The Goldfields Group has identified numerous critical mineral deposits rich with lithium, copper, cobalt, rare earths, and other major commodities that are vital to power the green energy transition.
As the world transitions towards cleaner technologies, critical mineral exploration must ramp up considerably to meet the global demand.
Canadian-based mineral exploration company, The Goldfields Group, is well-positioned to accelerate this transition with its extensive range of identified mineral deposits. The company boasts a wide range of deposits across 14 locations across Nova Scotia and New Brunswick.
The company’s Managing Director, John F Wightman, has extensive experience in the critical minerals industry. He provides ownership, research, accounting, project management, and promotion services to many private companies within the industry. All operational exploration activities are contracted out to individuals, professionals, and related exploration and service companies while searching for mineral deposits.
Why are critical minerals so important?
Minerals such as copper, lithium, nickel, cobalt, and rare earth elements (REEs) are essential components in many of today’s rapidly growing clean energy technologies – from wind turbines and electricity networks to electric vehicles. Demand for these minerals will proliferate as clean energy transitions gather pace.
For example, lithium, nickel, cobalt, manganese, and graphite are crucial to battery performance. REEs are essential for permanent magnets used in wind turbines and EV motors. Electricity networks need a considerable amount of copper and aluminium, with copper being a cornerstone for all electricity-related technologies.
The shift to a clean energy system is set to drive a massive increase in the requirements for these minerals, meaning that the energy sector is emerging as a significant force in mineral markets. Until the mid-2010s, for most minerals, the energy sector represented a small part of total demand. However, as energy transitions gather pace, clean energy technologies are becoming the fastest-growing segment of demand.
As countries accelerate their efforts to reduce emissions, they must also ensure that energy systems remain resilient and secure. The rising importance of critical minerals in a decarbonising energy system requires energy policymakers to expand their horizons and consider potential new vulnerabilities.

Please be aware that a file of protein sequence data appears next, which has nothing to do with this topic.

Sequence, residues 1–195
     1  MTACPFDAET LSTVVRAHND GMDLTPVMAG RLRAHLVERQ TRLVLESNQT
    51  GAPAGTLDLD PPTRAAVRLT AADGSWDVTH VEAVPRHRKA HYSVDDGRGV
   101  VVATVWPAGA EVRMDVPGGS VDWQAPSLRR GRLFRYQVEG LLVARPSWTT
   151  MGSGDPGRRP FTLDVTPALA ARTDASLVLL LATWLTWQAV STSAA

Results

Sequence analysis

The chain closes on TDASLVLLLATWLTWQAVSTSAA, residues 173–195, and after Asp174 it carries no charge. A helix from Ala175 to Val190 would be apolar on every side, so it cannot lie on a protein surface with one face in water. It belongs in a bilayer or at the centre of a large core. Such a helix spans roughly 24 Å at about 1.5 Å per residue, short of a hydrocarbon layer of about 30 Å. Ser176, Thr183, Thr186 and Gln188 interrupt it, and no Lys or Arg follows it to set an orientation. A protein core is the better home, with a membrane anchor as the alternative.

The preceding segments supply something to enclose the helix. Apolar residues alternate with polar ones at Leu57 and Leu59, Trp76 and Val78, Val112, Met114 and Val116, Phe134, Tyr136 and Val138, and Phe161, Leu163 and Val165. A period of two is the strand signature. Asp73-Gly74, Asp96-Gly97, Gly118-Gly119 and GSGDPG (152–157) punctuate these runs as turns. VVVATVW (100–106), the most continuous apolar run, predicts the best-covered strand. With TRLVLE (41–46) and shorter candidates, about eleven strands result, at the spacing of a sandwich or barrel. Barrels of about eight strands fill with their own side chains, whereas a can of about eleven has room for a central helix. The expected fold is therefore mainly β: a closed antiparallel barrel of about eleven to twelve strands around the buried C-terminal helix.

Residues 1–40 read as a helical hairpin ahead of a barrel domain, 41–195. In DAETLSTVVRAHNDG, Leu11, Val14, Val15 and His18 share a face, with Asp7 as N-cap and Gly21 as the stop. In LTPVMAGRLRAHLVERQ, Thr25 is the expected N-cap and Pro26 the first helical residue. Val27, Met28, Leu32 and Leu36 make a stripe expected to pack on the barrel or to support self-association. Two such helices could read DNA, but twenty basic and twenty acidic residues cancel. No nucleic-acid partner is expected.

Goldfield’s advanced projects
The Brazil Lake Lithium Pegmatite Deposit
Brazil Lake is an important critical mineral resource for Nova Scotia, with an excellent chance of going into production in the near future as a mine producing lithium for batteries for the electric vehicle market. Other high-value commodities are found in abundance in the pegmatite, such as tantalum and rubidium. These by-products will provide production credits to cover the cost of mining and processing the lithium. With a 2022 NI 43-101 Resource Report in hand, and in partnership with Lithium Springs Limited, drilling on the deposit is rapidly expanding the resource.
This mineral deposit boasts a rich rare earth portfolio and has numerous location advantages over other deposits. It is within ten kilometres of the power grid and within 40 km of several urban centres and a deep-sea shipping port. Sampling results of drill core and outcrop indicate that this deposit has the highest ratio of heavy to light REEs in North America.
The very large flake graphite deposit at Frenchvale is hosted in a marble which is not common for this type of critical mineral. This provides processing and quality advantages over other graphite deposits. Based on exploration to date, there is potential for a mine producing >200,000 tonnes of HP flake graphite a year for a > 30-year mine life.
A near surface, very high grade, molybdenum rich felsic porphyry dyke containing >5 million pounds of molybdenum has been defined by >8,000m of NQ drilling. This dyke is thought to represent a zone of mineralisation emanating from a climax type intrusion at depth defined by a strong gravity anomaly.
Research interests include
- Rare earth elements;
- Molybdenum; and
- Disruptive, lower cost, ‘green’ processing technologies.